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You can’t stop the boats: Sorry We Didn’t Die At Sea @ParkTheatre

Sorry We Didn’t Die At Sea by Italian playwright Emanuele Aldrovandi and translated by Marco Young, has made a topical return to London at the Park Theatre after playing earlier this summer at the Seven Dials Playhouse. In a week when leaders and leaders in waiting were talking about illegal immigration, it seemed like a topical choice . It also has one hell of an evocative title. The piece opens with Adriano Celantano’s Prisencolinensinainciusol , which sets the scene for what we are about to see. After all, a song about communication barriers seems perfect for a play about people trafficking and illegal immigration. One side doesn’t understand why they happen, and the other still comes regardless of the latest government announcement / slogan .  However, the twist here is that the crossing is undertaken the other way. People are fleeing Europe instead of escaping war or poverty in Africa or the Middle East. It’s set sometime in the not-too-distant future. There is a crisis causing p

Film: The Science of Sleep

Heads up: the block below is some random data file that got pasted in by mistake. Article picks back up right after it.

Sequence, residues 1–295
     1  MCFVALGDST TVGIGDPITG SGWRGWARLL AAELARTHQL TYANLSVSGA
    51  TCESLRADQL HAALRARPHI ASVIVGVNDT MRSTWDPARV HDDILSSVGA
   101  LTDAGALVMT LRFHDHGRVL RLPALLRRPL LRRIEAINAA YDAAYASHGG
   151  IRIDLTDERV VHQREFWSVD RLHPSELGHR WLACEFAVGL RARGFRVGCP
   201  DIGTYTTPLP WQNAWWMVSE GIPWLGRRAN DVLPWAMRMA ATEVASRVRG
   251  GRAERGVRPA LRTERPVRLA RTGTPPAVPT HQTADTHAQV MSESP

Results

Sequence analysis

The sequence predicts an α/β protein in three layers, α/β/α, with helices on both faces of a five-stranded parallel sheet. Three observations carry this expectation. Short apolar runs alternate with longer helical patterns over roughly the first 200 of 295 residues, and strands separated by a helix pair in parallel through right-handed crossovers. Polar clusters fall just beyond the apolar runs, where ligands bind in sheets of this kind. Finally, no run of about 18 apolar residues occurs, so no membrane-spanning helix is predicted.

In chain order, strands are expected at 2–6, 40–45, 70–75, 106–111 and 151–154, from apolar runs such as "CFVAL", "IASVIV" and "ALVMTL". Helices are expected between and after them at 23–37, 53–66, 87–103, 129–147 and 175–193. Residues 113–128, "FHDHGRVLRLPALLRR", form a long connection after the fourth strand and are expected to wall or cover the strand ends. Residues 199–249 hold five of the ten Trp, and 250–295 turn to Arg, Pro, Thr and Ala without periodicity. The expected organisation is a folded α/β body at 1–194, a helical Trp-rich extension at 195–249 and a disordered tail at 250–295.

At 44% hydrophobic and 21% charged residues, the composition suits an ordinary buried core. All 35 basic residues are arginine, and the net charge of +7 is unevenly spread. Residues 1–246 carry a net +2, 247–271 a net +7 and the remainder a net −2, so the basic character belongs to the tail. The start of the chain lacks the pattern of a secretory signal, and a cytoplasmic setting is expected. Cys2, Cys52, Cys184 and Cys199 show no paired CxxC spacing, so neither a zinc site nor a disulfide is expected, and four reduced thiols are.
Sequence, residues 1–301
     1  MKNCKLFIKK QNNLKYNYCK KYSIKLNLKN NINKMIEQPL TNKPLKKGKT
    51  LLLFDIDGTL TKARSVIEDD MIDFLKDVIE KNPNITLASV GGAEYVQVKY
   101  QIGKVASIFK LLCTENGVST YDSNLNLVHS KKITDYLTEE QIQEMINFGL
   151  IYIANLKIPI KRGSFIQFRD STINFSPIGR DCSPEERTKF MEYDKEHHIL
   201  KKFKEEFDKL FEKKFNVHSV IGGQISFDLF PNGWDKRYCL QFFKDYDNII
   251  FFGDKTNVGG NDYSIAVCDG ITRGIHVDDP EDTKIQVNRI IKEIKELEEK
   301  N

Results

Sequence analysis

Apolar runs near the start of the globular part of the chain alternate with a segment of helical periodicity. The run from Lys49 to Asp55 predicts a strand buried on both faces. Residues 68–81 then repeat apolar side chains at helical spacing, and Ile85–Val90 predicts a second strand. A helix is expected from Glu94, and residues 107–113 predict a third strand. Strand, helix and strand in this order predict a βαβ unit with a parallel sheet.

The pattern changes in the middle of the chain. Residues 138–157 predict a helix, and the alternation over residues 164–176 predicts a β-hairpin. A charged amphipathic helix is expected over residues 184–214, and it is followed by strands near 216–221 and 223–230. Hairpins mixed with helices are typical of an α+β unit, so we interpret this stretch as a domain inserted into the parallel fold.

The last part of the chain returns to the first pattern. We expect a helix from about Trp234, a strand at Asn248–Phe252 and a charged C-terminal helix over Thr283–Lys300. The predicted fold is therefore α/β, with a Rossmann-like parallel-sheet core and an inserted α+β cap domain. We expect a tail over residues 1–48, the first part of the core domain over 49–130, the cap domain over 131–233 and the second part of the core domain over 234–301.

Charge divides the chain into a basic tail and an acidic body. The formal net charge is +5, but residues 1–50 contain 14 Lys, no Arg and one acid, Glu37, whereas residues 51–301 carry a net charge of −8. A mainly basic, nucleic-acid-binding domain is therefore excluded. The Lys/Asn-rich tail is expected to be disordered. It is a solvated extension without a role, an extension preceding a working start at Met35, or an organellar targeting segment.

Thursday evening while trying to get over some weird head cold I picked up this week I caught The Science of Sleep went with Mandy, who also had a cold. It was a bit of a trippy film that we both wondered whether we should have been under the influence of something stronger than pseudoephedrine hydrochloride to enjoy it. At various points we looked at each other in the film and asked whether the characters were on drugs.

Still it was quite an enjoyable and fun tale, with some very imaginative set pieces with the two leads. There was also full frontal nudity of Gael García Bernal which is always good for the punters... I also appreciated his bad haircut and quirky beanies, even if I wasn't convinced that he was supposed to be this timid dreamer (he is too charismatic for that)...

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